Get Access to Print and Digital for $23.99 per year..
Subscribe for Full Access

Have It Their Way

In Thomas Frank’s Easy Chair column on low wages for employees of the fast-food industry [“Home of the Whopper,” November], a reference to the plantation owned by a corporation that also operates several Hardee’s franchises was particularly evocative. In the 1970s, after the publication of Time on the Cross, an economic evaluation of slavery in the United States, there was a debate over the degree of wage expropriation in the institution. The authors calculated that slaves had “earned” roughly 90 percent of what their labor had produced through the provisions of lifetime upkeep and expenses. Whether or not this is true, it cannot mitigate the wretchedness of slavery.

I would be willing to guess that if someone did an econometric study on fast-food workers today, the result would make a 10 percent level of expropriation seem paltry. Capitalism is exploitative. Let’s hope this article serves as a cri de coeur.

George M. Johnson
Deer Lodge, Mont.

Frank did a good job of exposing America’s lamentable love affair with fast food, but he missed an opportunity to pose a basic and unasked question about American wage policy: Why not a maximum wage? To be sure, the brigands of economic barbarism would cry socialism, but it could provide a real solution to what we so benignly refer to as our nation’s “wealth disparity.”

Fred Dolgon
Old Orchard Beach, Maine

Going for a Ride

In the spring of 1981, I had an experience that might have interested David Sullivan [“The Man Who Saves You from Yourself,” Nathaniel Rich, Report, November]. I was twenty years old and had just moved to a small town in the Hudson Valley, about ninety miles north of New York City. One day I hitchhiked to work and got a ride from two people in a white Econoline van. There were no seats behind the driver, so I rolled around on the floor. My transporters said they went to school in Barrytown, at the Unification Theological Seminary, and they invited me to come to a social gathering they were hosting. The whole time I was thinking, “Oh my God! If my mother only knew that I just got picked up hitchhiking by Moonies!” They were strange, but they did get me to work on time. I gave them two dollars, did not attend the recruitment gathering, and never heard from them again.

Lyndsay Clark
Springwater, N.Y.

A Modest Proposal

Jeff Madrick’s excellent Anti-Economist column on child poverty [“Problem Number One,” October] neglects to mention one simple solution: reproductive planning. The low value assigned to human life in this country is not just a consequence of the smug ignorance of the Romneys of the world but a result of too many people on the planet. All would-be parents — including the young, impoverished, and vulnerable — require awareness of and access to the means to decide when and under what circumstances they will start their families. Such efforts are linked to healthier, better-adjusted children and parents.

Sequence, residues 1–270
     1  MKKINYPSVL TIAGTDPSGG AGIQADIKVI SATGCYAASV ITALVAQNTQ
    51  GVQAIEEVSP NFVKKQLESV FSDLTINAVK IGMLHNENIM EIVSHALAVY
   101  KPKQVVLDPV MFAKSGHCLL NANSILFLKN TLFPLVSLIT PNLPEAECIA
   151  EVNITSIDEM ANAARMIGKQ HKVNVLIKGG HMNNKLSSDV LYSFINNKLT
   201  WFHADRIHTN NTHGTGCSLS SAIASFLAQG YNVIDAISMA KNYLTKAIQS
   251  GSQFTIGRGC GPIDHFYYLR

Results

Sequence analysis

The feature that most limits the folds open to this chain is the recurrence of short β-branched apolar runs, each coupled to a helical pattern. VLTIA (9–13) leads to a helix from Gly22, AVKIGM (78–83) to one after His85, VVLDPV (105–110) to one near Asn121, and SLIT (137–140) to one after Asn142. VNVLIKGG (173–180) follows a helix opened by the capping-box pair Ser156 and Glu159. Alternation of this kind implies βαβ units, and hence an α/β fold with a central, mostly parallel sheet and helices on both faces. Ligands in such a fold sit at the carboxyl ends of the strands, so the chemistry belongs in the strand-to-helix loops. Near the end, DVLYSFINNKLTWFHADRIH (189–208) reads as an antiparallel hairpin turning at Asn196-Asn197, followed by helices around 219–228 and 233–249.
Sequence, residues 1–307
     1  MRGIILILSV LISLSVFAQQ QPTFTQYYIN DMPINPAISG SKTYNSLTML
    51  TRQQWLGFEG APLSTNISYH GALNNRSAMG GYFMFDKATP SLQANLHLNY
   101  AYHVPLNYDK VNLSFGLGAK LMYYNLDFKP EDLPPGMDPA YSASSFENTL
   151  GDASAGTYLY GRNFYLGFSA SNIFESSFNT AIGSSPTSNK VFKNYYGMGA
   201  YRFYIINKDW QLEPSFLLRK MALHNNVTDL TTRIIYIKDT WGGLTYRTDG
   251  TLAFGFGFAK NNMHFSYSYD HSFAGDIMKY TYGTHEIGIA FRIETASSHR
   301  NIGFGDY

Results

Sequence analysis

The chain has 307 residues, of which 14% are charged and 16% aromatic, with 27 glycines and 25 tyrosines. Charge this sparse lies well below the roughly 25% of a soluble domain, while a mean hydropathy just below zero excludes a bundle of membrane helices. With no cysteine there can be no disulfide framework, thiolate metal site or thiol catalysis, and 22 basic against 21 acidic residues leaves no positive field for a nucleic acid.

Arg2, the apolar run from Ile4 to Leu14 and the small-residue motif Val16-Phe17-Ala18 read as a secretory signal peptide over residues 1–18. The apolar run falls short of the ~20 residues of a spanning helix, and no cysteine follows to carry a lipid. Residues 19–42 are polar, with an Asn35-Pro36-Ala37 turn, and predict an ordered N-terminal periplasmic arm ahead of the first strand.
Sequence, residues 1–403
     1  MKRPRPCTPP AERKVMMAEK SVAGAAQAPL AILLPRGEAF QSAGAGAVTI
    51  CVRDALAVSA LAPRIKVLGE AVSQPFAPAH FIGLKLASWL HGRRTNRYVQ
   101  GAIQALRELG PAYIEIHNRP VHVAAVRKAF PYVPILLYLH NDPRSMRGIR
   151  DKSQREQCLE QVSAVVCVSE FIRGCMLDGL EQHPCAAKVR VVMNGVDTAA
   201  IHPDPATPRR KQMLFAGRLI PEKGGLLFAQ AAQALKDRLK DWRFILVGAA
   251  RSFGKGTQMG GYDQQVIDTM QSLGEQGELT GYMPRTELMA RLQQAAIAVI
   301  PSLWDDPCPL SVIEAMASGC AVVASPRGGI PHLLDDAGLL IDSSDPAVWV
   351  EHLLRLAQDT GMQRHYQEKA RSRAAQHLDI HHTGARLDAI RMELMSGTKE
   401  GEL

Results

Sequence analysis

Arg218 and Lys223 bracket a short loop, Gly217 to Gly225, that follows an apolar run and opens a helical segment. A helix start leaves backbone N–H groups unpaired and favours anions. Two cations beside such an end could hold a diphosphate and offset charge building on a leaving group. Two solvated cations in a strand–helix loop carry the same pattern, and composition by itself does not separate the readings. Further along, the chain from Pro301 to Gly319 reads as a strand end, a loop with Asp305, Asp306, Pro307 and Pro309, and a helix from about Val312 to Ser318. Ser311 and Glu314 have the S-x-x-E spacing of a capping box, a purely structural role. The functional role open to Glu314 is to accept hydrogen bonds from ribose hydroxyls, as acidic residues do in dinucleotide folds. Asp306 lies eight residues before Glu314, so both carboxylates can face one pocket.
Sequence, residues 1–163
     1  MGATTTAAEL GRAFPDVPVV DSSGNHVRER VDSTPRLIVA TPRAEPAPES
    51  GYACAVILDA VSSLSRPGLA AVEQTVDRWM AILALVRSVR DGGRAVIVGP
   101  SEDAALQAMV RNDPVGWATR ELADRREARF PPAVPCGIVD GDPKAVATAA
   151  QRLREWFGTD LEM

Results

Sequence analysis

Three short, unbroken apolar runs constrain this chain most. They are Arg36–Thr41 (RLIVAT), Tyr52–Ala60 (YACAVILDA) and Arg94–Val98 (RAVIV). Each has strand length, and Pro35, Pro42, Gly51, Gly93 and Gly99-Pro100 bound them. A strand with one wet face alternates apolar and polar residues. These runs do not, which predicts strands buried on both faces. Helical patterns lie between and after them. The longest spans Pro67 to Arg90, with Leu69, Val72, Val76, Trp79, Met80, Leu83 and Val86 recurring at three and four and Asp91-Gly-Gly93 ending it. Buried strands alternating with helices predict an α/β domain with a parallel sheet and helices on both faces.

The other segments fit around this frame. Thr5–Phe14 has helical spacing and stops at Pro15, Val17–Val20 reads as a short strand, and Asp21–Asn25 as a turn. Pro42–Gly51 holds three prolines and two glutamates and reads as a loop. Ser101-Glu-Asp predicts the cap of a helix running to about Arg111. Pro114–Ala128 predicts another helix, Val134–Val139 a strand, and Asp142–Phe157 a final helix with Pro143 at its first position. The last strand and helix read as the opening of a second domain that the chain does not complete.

Chris Hawk

Immortal Technique

As a sixty-six-year-old woman who hopes to make it to one hundred (for a start), I object to Bee Wilson’s wish that even if we could defer death, “we’d have enough sense to decline” [“At Death’s Door,” Review, November]. Why would we lack sense if we had such zest for living that we wanted to live on and on? Wilson writes, “An effective anti-aging elixir is a dystopian prospect in a world of rising population and scarce resources; it could plunge billions into lives of poverty.” She overlooks the fact that a world scientifically advanced enough to come up with an effective anti-aging elixir might well be scientifically advanced enough to avert resource shortage and ecological collapse. Even if that did not happen, increasing the availability of birth control and distributing the world’s resources more equitably would be a far more humane solution to poverty than telling old people that they should be willing to die in order to make life easier for the young.

Felicia Nimue Ackerman
Providence, R.I.

A Female Thing

In her essay on Morgellons disease [“The Devil’s Bait,” September], Leslie Jamison casts doubt on the skin disorder’s validity in a familiar way. For ten years I headed a support group for sufferers of emerging illnesses, and although Morgellons wasn’t among them, I recognize a pattern in the way the patients Jamison writes about are treated. The medical establishment has a long history of being skeptical of health problems suffered by women.

Multiple sclerosis, for example, was treated as female hysteria as late as the 1950s — even when victims became blind or unable to walk. Such illnesses as chemical sensitivity, chronic fatigue, and fibromyalgia have all also been regarded as hysterical symptoms. These women deserved better, and the sufferers of Morgellons, the majority of whom are female, do, too.

Amy Arkoff


| View All Issues |

January 2014

“An unexpectedly excellent magazine that stands out amid a homogenized media landscape.” —the New York Times
Subscribe now